Jayson Jacoby
The Baker City Herald

The Powder River is a modest stream, as streams go.

Or, rather, flow.

Along its 153 miles the Powder boasts neither towering waterfalls which beckon photographers nor great whitewater rapids to entice adventurous rafters and kayakers.

And although the Powder has over many millennia gouged two canyons of some eminence — one below Thief Valley Reservoir and the other just upriver from its confluence with the Snake River — the significance of these landforms is diminished by their proximity to even deeper and more precipitous chasms.

There is of course Hells Canyon of the Snake.

But several other nearby river gorges, including those of the Imnaha and Grande Ronde rivers, also surpass the Powder’s in sheer topographical stature.

Retiring though it may be, I harbor an affinity for the Powder — and not merely because the stream flows through Baker City, where I live and where I often stroll beside its banks.

I also appreciate that I can go see where the Powder is born.

The river’s birthplace in the venerable Baker County ghost town of Sumpter is an easy walk over gentle terrain, and through fetching scenery in any season.

I prefer winter, though, mainly because snow, which so reliably blankets Sumpter, doesn’t so much recast the landscape as render it all but unrecognizable from balmier months.

The Powder’s headwaters also have the noteworthy attribute of being on public land that’s accessible year-round.

The spot is within the Sumpter Valley Dredge State Heritage Area, on the southern edge of the town about 28 miles west of Baker City.

Although the park’s centerpiece — the monstrous, 1,240-ton three-story dredge that scavenged the river’s gold-strewn gravels from 1935 until 1954 — is closed during winter, the park grounds are open.

And it’s an ideal place for inexperienced snowshoers to try to get their sea legs under them.

My wife, Lisa, and I took our daughter Olivia, who’s 11, and our son Max, 7, to the park last Saturday to see what February’s parade of storms had wrought.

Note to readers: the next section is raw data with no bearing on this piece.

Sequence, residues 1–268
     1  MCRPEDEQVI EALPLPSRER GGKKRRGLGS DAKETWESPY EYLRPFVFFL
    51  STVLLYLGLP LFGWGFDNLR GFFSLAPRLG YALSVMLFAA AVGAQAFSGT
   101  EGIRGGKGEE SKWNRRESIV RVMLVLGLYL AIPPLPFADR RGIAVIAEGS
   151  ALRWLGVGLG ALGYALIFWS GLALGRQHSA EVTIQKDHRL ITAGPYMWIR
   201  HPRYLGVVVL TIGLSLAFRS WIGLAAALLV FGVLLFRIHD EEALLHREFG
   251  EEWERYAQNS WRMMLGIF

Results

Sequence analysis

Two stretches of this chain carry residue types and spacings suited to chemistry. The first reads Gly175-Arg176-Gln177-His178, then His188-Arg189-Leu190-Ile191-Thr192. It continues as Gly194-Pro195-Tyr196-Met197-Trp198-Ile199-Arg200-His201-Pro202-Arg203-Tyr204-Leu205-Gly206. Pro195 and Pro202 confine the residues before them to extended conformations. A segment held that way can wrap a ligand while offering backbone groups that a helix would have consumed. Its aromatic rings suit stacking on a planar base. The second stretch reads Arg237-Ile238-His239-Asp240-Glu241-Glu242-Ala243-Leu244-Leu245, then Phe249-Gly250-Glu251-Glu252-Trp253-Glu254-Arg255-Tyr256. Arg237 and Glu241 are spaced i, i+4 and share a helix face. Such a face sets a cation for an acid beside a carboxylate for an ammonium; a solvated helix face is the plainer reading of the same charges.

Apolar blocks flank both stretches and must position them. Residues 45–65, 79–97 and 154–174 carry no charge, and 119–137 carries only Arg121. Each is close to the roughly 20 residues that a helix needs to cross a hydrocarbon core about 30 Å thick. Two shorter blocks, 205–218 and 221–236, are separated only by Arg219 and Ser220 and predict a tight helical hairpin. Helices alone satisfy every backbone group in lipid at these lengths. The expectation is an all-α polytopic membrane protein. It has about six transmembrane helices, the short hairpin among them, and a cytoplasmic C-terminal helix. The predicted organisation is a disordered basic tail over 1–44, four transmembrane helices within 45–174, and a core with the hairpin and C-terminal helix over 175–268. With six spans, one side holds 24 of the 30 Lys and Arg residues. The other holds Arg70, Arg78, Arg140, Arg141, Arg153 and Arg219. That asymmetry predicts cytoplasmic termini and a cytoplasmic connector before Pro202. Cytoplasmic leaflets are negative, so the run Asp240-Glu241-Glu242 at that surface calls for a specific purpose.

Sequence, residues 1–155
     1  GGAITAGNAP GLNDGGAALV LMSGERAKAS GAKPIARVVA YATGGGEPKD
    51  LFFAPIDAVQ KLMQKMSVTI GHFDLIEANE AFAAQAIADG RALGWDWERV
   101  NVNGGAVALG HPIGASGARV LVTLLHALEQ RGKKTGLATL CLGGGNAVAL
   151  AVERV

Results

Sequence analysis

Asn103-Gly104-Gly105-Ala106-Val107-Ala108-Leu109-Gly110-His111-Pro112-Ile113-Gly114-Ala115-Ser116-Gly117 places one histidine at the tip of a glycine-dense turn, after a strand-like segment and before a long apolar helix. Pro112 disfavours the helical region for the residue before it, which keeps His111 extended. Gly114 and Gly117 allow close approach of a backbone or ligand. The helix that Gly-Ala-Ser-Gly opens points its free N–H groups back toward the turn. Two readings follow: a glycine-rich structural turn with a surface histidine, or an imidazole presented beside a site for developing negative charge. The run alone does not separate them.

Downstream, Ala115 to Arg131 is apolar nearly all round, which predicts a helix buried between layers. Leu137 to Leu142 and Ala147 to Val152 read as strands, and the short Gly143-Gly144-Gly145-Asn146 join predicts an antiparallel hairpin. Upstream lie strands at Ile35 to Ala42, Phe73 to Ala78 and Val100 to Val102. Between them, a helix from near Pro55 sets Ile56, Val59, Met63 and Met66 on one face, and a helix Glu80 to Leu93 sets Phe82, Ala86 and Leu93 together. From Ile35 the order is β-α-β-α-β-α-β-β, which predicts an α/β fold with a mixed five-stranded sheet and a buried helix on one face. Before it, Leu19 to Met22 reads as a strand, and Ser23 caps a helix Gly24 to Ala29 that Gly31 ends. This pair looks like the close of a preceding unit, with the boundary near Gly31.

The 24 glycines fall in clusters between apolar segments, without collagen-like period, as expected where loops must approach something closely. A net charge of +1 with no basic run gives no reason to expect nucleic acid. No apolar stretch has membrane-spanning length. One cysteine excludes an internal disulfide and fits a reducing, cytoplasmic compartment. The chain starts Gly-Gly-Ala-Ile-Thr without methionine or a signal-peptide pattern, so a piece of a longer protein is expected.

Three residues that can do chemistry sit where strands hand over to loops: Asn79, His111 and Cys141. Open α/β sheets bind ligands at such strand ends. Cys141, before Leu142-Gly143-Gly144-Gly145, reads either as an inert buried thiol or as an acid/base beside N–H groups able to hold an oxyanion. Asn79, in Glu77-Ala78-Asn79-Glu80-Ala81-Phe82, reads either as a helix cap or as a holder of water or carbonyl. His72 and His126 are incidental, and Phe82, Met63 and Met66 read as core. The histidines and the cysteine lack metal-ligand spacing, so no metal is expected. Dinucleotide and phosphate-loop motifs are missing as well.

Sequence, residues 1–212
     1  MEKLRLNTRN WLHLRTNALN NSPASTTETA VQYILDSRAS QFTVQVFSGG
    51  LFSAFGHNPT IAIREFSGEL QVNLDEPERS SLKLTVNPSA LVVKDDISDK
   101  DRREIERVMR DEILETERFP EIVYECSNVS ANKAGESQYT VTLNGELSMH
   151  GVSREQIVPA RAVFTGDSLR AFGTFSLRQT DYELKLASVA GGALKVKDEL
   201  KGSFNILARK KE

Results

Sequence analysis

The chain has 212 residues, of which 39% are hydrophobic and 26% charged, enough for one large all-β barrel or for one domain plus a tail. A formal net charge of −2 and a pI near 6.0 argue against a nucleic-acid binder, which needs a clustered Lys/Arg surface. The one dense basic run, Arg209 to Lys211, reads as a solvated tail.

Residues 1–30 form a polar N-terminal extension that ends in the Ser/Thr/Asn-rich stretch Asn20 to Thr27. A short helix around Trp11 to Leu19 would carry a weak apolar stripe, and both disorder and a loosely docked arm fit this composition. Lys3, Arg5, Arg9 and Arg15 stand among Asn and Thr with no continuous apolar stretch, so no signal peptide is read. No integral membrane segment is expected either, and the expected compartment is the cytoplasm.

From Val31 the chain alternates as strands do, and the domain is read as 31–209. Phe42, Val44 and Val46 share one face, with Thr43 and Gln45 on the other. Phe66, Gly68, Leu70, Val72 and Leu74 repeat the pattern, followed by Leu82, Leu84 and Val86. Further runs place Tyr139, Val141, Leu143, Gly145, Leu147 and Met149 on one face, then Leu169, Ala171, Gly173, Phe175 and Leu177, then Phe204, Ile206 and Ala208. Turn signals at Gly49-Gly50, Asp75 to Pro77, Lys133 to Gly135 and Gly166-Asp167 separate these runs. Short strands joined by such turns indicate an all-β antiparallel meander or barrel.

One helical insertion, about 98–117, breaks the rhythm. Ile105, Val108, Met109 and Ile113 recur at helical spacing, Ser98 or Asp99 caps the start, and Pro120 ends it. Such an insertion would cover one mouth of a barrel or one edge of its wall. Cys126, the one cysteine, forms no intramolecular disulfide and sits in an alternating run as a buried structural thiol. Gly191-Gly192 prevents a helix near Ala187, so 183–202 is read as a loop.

Quite a lot, as it turned out.

The snow was around 3 feet deep, as near as I could figure — I had, inexplicably, neglected to bring along a tape measure or a yardstick.

There was plenty enough snow, at any rate, to hide completely the reality that the park’s network of trails was hewn from meandering lines of stacked rock disgorged by the dredge decades ago.

The trails generally trace the flat tops of these sinuous stony piles, which makes easy going.

Well, as easy as going can be when your snowshoes are sinking about half a foot into the powder.

We stopped at the sign denoting the headwaters of the Powder River.

(A sign that might require some digging to get at if the wintry weather pattern continues.)

The spot, just a few hundred yards from dredge, is where two streams — McCully Fork and Cracker Creek, both of which head high in the Elkhorn Mountains — come together.

From here on the waterway is known as the Powder River as it absorbs dozens of sources, ranging from rivulets that carry water only briefly, to considerable streams, such as the North Powder River, Eagle and Pine creeks, that during the peak of the spring runoff can swell the river’s volume twofold.

Just downstream from the headwaters we crossed a bridge that was nearly filled with snow, making the safety rails rather less effective than engineers no doubt intended.

We saw in several places evidence of beavers.

The industrious rodents have made deep ruts in the snow, rather like bobsled runs, during their apparently frequent trips between clumps of willow, which bear the species’ distinctive tooth marks, and the river.

When we had last hiked here, in early September, a section of trail was inundated by a pond created by a beaver dam.

But the frigid temperatures and snow have solved that dilemma, making it possible to snowshoe most anywhere within the park (it borders private property, but the boundary is amply provided with signs — and signs rather taller than the Powder River headwaters sign). We did avoid the obvious ponds among the dredge tailings, neither trusting the solidity of the ice nor wanting to make even a short hike back with a drenched child.

Because the entrance road to the dredge visitors center and parking lot is blocked by snow, parking is limited.

There is a small plowed area on the left side of the highway, just before you reach Sumpter’s business district, where a State Parks Department pickup truck is usually parked, that has room for three or four vehicles.

From there you can walk west to the dredge. The route crosses a busy snowmobile trail, so make sure the way is clear.

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